Pro-life individuals are not primarily opposed to abortions because of a concern for the unborn child. It is more about maintaining a social structure in which women’s independence is circumscribed by their ability to give birth. If the choice to give birth or not isn’t fully under the individual control of the women concerned then it allows others (other women, men, the church etc.) to have greater power over them. In other words they’re not really pro-life, they’re pro-control.
Such individuals simultaneous support for the death penalty flows partly from a lack of compassion and also from a belief that violence should be the remedial option of first resort, regardless of the problem.
Pretty much 100% on, there.
From the comments on Charlie Brooker’s excellent Guardian piece on the insane fuss over the not-a-mosque not-at-ground-zero:
How many Saudi’s would object to a Church being built in one of their cities if they were asked and polled? How many Americans object to a mosque? How many in Switzerland recently voted against minarets? Are they are all reactionary, sexist, homophobic, racist, xenophobic, nationalist, fascist, intolerant bigots?
Well, except for the ‘sexist’ and ‘homophobic’ bits – while those are closely correlated with the other attributes listed, they aren’t directly relevant to the case in hand.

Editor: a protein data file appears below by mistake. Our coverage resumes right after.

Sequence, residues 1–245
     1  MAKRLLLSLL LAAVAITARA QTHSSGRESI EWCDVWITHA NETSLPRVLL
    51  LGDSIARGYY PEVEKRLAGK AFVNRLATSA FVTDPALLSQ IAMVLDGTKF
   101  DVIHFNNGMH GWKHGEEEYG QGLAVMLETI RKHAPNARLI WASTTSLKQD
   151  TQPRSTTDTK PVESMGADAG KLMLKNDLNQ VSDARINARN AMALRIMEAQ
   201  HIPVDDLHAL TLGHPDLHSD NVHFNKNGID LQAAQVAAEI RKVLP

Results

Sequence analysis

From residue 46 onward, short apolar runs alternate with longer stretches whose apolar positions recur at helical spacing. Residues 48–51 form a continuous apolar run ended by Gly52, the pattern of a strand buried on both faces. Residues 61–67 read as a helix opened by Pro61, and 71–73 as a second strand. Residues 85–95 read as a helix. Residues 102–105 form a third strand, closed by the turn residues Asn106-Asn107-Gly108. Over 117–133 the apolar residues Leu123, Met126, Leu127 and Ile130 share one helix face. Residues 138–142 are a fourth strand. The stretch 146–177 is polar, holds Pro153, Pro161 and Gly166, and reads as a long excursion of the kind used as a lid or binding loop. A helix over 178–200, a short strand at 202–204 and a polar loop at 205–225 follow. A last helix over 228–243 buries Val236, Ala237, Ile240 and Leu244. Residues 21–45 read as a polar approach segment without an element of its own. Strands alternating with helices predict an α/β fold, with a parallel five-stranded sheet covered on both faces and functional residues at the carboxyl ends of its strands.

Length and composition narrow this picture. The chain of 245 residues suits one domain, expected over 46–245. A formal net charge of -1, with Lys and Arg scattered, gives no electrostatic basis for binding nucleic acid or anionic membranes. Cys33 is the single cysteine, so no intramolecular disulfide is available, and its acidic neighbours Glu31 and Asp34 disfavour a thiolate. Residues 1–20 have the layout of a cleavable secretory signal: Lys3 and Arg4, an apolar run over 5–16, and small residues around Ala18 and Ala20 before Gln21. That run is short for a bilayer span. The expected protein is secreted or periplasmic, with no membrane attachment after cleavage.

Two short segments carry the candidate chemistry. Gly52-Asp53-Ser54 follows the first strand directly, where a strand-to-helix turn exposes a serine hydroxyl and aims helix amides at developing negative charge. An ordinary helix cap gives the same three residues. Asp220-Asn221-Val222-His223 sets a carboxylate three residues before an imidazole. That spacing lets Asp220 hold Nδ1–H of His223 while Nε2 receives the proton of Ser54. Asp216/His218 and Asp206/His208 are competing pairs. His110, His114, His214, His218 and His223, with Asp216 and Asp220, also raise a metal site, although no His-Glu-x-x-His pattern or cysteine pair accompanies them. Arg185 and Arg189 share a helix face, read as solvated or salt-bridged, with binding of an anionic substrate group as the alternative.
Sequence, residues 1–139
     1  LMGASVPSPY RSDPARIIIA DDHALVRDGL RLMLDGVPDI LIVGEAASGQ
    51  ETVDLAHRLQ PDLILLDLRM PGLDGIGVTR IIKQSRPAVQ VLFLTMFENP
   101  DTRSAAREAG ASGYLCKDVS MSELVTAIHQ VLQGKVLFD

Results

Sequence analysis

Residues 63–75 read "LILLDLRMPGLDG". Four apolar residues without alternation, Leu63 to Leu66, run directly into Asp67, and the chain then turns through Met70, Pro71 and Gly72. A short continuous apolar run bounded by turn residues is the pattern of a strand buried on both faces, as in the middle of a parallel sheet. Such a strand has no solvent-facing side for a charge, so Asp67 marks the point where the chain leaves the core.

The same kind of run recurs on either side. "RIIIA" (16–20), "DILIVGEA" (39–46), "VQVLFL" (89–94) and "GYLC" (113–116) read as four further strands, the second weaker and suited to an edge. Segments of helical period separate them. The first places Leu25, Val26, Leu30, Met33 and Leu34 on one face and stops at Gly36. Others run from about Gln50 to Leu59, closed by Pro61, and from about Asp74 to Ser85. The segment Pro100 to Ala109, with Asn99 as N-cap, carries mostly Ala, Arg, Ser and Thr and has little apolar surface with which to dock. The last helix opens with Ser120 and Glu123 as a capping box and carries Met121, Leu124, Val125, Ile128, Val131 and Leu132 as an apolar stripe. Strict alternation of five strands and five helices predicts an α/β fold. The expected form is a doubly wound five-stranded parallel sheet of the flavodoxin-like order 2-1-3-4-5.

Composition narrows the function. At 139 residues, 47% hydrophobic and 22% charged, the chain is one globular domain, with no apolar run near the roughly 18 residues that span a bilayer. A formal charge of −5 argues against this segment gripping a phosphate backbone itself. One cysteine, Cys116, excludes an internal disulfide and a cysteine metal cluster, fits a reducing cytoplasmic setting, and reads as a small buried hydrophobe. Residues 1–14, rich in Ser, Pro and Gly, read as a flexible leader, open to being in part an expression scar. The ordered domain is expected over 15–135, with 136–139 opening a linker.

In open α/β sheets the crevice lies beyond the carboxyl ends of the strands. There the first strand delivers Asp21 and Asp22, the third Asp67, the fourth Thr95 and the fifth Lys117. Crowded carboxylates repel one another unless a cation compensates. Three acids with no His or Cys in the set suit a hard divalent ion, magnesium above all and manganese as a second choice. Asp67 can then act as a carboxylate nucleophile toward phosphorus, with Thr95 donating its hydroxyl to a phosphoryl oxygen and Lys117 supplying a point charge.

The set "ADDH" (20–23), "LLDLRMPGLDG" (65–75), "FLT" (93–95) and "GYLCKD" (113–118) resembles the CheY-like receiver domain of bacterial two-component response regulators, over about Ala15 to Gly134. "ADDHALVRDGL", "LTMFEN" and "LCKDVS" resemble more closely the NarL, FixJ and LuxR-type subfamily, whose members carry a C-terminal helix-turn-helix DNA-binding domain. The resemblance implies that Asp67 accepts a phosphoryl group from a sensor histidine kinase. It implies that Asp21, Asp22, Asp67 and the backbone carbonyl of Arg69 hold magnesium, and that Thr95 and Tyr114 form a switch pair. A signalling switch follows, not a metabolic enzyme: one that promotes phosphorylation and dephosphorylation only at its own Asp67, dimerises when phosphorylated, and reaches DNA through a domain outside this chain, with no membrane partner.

Bonus extra stupidity:
One never knows, there is a definite possibility that an Islamist atrocity may once again occur on UK soil and also an outside chance that a member of Charlie’s family is in the wrong place at the wrong time. I wonder if Charlie, or any of the others supporting this prospective mosque near the Ground Zero site, would have such a positive attitude to this proposed development, if this came to pass.
Yes I bloody would. Because I’m not an appalling, stupid bigot, I’m fully aware that moderate Sufis would have had absolutely nothing to do with such an attack, that Islamist extremists hate moderate Sufis even more than they hate America, and that the best way to combat the ideology that created Al Qaeda is to build bridges with moderate Islam.
Digressionally, Cordoba House would have been a good name for the mosque, given that the Andalusian caliphate was the most religiously tolerant government the European world had ever seen at that time (or indeed, at any point before the 19th century). It was replaced by the genocidal mania of the Spanish Inquisition – a welcome reminder that anyone claiming Islam is inherently less liberal than Christianity is deeply, deeply stupid.
Lord Rodger, yesterday:
Just as male heterosexuals are free to enjoy themselves playing rugby, drinking beer and talking about girls with their mates, so male homosexuals are to be free to enjoy themselves going to Kylie concerts, drinking exotically coloured cocktails and talking about boys with their straight female mates.
Great ruling, though. And nice to see the government welcoming it, in a weird departure from precedent and stereotype.
Of course, the Sun had to spoil it: Gay illegals can stay. Err, no, you bigoted idiots, they aren’t illegals, they’re legitimate refugees – that’s exactly what the Supreme Court ruling has just determined…
Any self-professed ‘human rights group’ that criticises a decision to, erm, respect someone’s human rights is not actually a human rights group, so much as an opportunity for a bunch of vindictive tossers to further hone their already highly developed sense of victimhood and entitlement.